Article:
An important part of business and commercial law is drafting security agreements and UCC filings. These sorts of documents require a certain degree of specificity to be valid. However, just as with anything, too much specificity can be too much of a good thing. Being too specific in these documents can lead to ambiguities that can lead to protracted litigation.
Court Discusses Whether UCC Financing Statements Adequately Perfected a Security Interest
A federal court in New York recently addressed the issue of specificity in Ring v. First Niagra Bank, N.A. It all started because of a Chapter 7 bankruptcy filing. The trustee started an adversary proceeding alleging avoidable preferential transfers to First Niagra. The issue before the Court was whether what it termed a “needlessly convoluted description of collateral” in a succession of U.C.C. Financing statements caused a claim of security to fail as “seriously misleading” under the U.C.C. as adopted by New York.
Language Used in UCC Filings
The UCC requires some level of specificity when describing the collateral in a security agreement. Since 2001 it has been allowed to be fairly broad. It is allowed to use the language”all assets” of the debtor, but it typically cannot be that simple. The UCC specifically states that “a description of collateral as ‘all the debtor’s assets’ or ‘all the debtor’s personal property’ or using words of similar import does not reasonably identify the collateral.” The description in Ring included the “all assets” language but then went on to list a variety of examples. It also used the language “now owned and hereafter acquired by debtor and located at or relating to the operation of the premises at [the relevant address at the time of the first financing statement.]” In 2012 the debtor moved and the bank amended the financing statement to reflect the debtor’s new address. Then in 2013 it changed the description from “now owned and hereafter acquired by Debtor and located at or relating to the operation of the premises” to “now owned and hereafter acquired by Debtor including but not limited to those located at or used in connection with the business premises[.]”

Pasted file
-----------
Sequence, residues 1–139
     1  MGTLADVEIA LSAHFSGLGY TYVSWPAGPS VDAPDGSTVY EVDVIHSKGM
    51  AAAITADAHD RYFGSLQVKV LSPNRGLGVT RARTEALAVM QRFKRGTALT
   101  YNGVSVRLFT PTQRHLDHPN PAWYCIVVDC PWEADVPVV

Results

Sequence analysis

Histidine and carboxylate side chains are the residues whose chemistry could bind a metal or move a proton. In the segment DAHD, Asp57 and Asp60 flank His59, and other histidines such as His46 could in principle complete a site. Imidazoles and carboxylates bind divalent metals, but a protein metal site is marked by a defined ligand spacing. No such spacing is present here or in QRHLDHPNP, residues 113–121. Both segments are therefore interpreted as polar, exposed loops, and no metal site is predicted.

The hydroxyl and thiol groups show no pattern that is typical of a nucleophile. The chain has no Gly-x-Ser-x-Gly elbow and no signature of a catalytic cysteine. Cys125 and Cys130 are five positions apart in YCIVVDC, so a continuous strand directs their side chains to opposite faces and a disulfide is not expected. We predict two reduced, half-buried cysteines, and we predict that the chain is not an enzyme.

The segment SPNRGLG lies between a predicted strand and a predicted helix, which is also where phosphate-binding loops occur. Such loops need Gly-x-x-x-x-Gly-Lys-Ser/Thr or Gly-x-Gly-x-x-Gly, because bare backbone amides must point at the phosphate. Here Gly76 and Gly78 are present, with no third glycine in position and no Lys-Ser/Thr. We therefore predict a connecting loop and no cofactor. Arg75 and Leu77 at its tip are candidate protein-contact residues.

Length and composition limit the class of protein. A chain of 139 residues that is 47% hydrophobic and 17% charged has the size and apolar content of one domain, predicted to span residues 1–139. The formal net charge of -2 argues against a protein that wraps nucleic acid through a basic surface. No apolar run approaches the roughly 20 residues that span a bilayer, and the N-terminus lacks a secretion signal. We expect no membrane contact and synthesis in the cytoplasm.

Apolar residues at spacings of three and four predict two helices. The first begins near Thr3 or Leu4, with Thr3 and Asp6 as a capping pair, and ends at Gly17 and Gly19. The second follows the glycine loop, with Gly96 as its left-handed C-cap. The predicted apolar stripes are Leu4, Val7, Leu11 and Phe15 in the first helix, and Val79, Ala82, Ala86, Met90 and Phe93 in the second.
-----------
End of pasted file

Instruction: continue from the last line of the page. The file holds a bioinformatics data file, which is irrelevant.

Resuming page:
The Court’s Decision
Ultimately the Court decided that the UCC financing statements were not seriously misleading. As a result they were effective to perfect the bank’s security interest. This meant that the payments to the bank were not avoidable so the Trustee could not prevail. The decision was based on the very limited facts of the case, however. For example, the Court relied on the fact that there was a series of UCC filings that included various changes that would put a searcher on notice that there could be an issue. Also, on these facts the Court decided that it “must presume a certain level of sophistication or a certain level of intelligence and diligence in reading the collateral description.” However, it was clear that under different facts it may have reached a different result. For example, had there been only one filing it make have reached a different result.